At the sign of the Falcon: The Life and Works of Harry Murphy - Goldsmith, Silversmith and Unique Englishman

by John Benjamin

April 26th

At the sign of the Falcon: The Life and Works of Harry Murphy - Goldsmith, Silversmith and Unique Englishman

H G Murphy’s greatest misfortune was to die just before the start of the Second World War. The designs and inspirations of the pre-war era were simply seen as passé and totally out of keeping with the new spirit of modernism which quickly grew after the Festival of Britain in 1951.

Harry Murphy served his apprenticeship under Henry Wilson, probably Britain’s greatest designer goldsmith of the Arts and Crafts era. From 1928 until his death in 1939 he worked from retail premises in Marylebone, London, known as the Falcon Studio where he designed and created a prodigious amount of silverware for the corporate, civic and private sectors as well as some truly startling gold, silver and enamel jewellery inspired by nature, architecture, the Ballet Russes and the vibrancy of the Jazz Age.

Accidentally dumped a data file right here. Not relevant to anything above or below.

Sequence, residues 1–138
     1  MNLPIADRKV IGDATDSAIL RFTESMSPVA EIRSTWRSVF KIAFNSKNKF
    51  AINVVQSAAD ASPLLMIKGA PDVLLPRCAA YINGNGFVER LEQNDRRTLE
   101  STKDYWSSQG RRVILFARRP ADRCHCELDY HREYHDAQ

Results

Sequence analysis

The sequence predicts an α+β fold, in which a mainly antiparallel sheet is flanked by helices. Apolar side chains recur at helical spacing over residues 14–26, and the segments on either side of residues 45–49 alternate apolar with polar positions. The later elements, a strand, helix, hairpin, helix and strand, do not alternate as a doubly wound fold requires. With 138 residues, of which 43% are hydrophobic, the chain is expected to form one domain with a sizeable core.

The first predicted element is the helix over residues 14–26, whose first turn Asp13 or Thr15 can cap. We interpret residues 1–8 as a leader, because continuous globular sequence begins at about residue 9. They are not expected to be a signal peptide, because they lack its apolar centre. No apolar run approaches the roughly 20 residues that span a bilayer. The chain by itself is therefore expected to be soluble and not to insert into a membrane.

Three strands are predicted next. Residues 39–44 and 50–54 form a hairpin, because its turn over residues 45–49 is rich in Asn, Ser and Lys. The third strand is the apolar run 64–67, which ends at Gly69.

English Silver Covered Box by Henry George Murphy, London, 1936, Falcon Studio

John Benjamin


John Benjamin is a jewellery historian, lecturer, author and broadcaster. Formerly International Director of Jewellery at Phillips Fine Art Auctioneers, since 1999 he has been an independent jewellery consultant on behalf of the private client network. John is well-known from his appearances over 30 years on BBC Television’s ever-popular Antiques Roadshow. He is a Freeman of the Goldsmiths’ Company, a Court Assistant and Founder Liveryman of The Worshipful Company of Arts Scholars and in 2021 was appointed Honorary Jewellery Adviser to the National Trust.

Image credit: Wikipedia Public domain